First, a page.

Written by Neha Chandna - Dietician, Nutrition Educator, Exercise Counselor with an M.Sc. in Dietetics and Food Service Management from SVT. She has worked with corporates such as HDFC and Standard Chartered as well as BPOs and MNCs on the Right ways of eating and living!
Winter is a pleasing and refreshing time of the year, but along with it comes an unwanted voracious appetite, which becomes a task to deal with sometimes. No matter how much food we eat, we seem to be hungry in no time. Is it because we think we need extra fat to protect us from the cold winds? Or is it just a link between the weather and our emotions? Whatever the reason may be, eating food just becomes an irresistible action during winter. Studies have shown that people tend to add on 1-2 pounds extra during the winters. This could be due to couple of reasons:
The body temperature drops along with the external temperature. This sends a signal to the body to heat up faster and is generally executed as a craving for carbohydrate-rich, sugary, starchy warm foods like potato, cheese, burger, pizzas, samosas, bhajias, etc., which quickly boost your body temperature. But apart from heating the body, they also bring a sudden spike and drop in the blood sugar levels, which give rise to craving them again. It's a vicious cycle that keeps the appetite in motion.
Ancestors believed that winters should be welcomed with heavy and rich foods like gajar ka halwa, dry fruits mithai, chikkis, etc. and this tradition continues even today. Hence we gorge on all the heavenly food prepared by our mothers and grandmothers, overloading our fat cells.
Some people find comfort in food during the low sunlight months of the winter. Lack of sunlight can cause SAD (Seasonal Affective Disorder), which causes a drop in the brain chemical called serotonin, affecting the mood and leading to anxiety, depression, anger, lethargy, etc. In such situations, people eat more and more of carbohydrate-rich foods for a serotonin rush
But this does not mean we stop at these reasons and buy the myth that weight gain in winters is unavoidable. There are a lot of ways to control the winter appetite and keep yourself warm too.
Go for natural foods: Any food we eat boosts your metabolism and warms you up. Technically, when your body says 'warm me up', your brain hears, 'bring on the cheese and fries'. This is because we are not trained to think of salads, fruits and nuts to warm us up. But instead of running for the fat loaded food, try using handful mixed nuts, boiled salads, or stir fry as your warming options. These foods not only help you feel warm but also give you a fuller feeling thanks to their high fibre content.
Get your proteins: Proteins make you feel satisfied and help keep hunger away for some hours. So try to include a good amount of protein-rich foods like sprouts, eggs, chicken, fish, low-fat milk and cottage cheese in your meals.
Eat small, frequent meals: Instead of having a heap of food at a time, distribute your meals into smaller quantities and include some high-fibre and protein snacks in between meals to help you keep your voracious unwanted hunger pangs at bay. You can opt for peanut butter with multigrain toast or apple, egg sandwich, idli sandwich, dosa roll, etc.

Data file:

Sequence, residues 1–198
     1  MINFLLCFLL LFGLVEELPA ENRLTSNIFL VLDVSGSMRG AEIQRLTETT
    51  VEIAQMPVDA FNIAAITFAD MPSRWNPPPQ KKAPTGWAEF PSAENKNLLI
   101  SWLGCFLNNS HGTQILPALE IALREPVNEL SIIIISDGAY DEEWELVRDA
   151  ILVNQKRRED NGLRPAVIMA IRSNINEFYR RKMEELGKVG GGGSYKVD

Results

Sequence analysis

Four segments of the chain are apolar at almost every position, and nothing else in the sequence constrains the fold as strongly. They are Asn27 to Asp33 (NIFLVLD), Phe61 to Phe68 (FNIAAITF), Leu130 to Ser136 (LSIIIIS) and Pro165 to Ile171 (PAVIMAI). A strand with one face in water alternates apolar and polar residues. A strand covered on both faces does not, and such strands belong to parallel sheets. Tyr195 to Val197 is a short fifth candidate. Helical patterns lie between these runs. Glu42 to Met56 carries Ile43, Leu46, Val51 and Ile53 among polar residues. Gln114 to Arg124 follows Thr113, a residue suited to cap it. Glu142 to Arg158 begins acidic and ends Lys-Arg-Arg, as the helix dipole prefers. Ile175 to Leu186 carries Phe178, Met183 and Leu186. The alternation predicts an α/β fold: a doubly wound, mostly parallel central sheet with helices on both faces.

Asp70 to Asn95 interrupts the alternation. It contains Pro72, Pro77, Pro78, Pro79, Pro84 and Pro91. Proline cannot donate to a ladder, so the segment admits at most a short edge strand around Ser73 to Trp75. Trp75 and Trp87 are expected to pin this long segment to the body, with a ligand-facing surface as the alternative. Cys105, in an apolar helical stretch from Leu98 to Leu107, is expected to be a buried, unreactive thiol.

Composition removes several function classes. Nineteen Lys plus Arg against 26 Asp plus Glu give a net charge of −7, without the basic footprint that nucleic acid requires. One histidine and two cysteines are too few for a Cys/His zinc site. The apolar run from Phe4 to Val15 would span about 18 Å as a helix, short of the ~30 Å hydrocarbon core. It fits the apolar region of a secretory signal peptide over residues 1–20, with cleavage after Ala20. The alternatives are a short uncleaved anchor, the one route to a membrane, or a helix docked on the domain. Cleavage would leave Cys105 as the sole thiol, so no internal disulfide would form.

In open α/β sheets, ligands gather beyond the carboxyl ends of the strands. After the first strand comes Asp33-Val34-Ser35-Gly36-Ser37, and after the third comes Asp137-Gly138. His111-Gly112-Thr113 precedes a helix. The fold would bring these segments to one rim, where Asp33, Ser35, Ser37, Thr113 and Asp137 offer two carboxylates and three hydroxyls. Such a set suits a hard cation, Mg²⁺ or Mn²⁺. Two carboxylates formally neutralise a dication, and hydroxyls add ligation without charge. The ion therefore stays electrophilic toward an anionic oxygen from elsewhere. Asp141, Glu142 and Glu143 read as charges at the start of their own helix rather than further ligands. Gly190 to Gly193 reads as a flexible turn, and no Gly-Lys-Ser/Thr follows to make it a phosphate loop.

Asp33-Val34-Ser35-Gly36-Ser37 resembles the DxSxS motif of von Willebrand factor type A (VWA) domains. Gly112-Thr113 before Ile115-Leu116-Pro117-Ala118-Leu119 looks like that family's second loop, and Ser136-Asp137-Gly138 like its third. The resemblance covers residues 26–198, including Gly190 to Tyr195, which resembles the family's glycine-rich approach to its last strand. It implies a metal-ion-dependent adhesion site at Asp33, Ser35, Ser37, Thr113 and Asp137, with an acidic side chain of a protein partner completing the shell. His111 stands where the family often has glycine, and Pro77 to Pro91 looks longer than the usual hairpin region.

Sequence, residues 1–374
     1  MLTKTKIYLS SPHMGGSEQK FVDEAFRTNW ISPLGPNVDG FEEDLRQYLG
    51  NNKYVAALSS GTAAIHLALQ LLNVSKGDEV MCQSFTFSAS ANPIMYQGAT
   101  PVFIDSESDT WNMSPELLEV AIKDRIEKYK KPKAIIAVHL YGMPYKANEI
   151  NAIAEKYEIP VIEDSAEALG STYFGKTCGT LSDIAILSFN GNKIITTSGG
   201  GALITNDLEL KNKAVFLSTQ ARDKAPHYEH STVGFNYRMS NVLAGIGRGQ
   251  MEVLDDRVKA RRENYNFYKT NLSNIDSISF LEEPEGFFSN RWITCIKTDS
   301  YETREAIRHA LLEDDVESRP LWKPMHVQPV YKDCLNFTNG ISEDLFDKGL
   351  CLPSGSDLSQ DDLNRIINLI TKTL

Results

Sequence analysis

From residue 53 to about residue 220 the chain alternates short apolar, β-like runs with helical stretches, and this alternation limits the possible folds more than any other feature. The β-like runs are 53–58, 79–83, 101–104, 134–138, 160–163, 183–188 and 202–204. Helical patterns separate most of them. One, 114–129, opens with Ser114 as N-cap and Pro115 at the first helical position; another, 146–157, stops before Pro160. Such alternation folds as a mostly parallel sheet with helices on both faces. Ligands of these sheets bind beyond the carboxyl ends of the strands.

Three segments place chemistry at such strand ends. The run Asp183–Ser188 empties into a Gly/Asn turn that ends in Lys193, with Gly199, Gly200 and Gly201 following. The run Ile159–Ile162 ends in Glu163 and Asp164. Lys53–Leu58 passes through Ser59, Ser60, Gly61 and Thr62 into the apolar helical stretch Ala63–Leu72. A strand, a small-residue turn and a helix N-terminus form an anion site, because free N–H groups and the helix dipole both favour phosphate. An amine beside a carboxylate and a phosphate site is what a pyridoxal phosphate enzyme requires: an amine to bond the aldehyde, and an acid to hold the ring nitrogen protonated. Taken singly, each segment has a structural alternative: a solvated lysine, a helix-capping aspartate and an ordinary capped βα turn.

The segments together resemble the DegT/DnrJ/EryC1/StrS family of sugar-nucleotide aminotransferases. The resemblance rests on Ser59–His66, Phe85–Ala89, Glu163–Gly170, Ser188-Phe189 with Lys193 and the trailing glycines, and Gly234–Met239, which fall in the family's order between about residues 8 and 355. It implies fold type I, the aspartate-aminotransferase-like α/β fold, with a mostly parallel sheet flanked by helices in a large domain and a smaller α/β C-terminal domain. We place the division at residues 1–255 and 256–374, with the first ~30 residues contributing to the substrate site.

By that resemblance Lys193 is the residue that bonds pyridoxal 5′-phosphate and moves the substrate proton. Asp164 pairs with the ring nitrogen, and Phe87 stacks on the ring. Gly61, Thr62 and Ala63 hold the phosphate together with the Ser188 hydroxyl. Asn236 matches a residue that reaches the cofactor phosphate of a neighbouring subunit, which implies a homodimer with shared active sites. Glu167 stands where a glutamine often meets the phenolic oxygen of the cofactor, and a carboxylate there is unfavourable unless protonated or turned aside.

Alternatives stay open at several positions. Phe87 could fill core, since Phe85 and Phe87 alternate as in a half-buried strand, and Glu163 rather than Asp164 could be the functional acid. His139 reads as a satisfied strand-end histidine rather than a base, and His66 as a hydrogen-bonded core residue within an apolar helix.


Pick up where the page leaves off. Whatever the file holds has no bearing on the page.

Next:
Stock on fibre prior to main meals: As we mentioned, fibre-rich foods help you control your appetite and it only makes sense to have a plateful of salad before lunch and dinner to help you eat less of all the other fatty foods and also to control your blood sugar levels, bringing a stop to your sugar and creamy food cravings.
Out of sight is out of mind: Most of us go weak in our knees just on the sight or smell of some sinful food. So the best way to avoid this is by not stocking foods like chips, cakes, pastries, chocolates, etc. in our fridge and kitchen cabinets. Such appetite-aggravating foods need to be kept away especially during the winters when your hunger levels are at their peak.
Chew slowly: It takes 20 minutes for your brains to get the message that your stomach is full. So when hungry, eat your meals slowly and chew each morsel well to prevent overeating. Eating too fast can make you miss your feel-full signal and result in overindulgence.
Get enough sunlight: Vitamin D formed with the help of sunlight can help control excessive cravings and also stabilize mood swings. Make sure you get 20 minutes of early morning sunlight every day.
Make an activity plan: A bit of exercise daily will definitely not harm you. Exercise is the best way to uplift your mood, thanks to the endorphin it helps release. Once you give your body its dose of 30 minutes of exercise everyday, you will stop craving for the fatty and sweet "comforting foods". Exercise is also by far the best way to tame your wild appetite by controlling the chemicals associated with hunger. If outdoor exercise feels like a task to accomplish, try some indoor ones like spot jogs, jumping jacks, push-ups, squats, lunges, etc.
Be warm: Creating a warm surrounding for yourself can help control your hunger levels. Wear warm clothes, sip warm drinks like green tea or soup, or have a hot water bath. Add herbs to your food that make you feel warm like ajwain, elachi, cloves etc.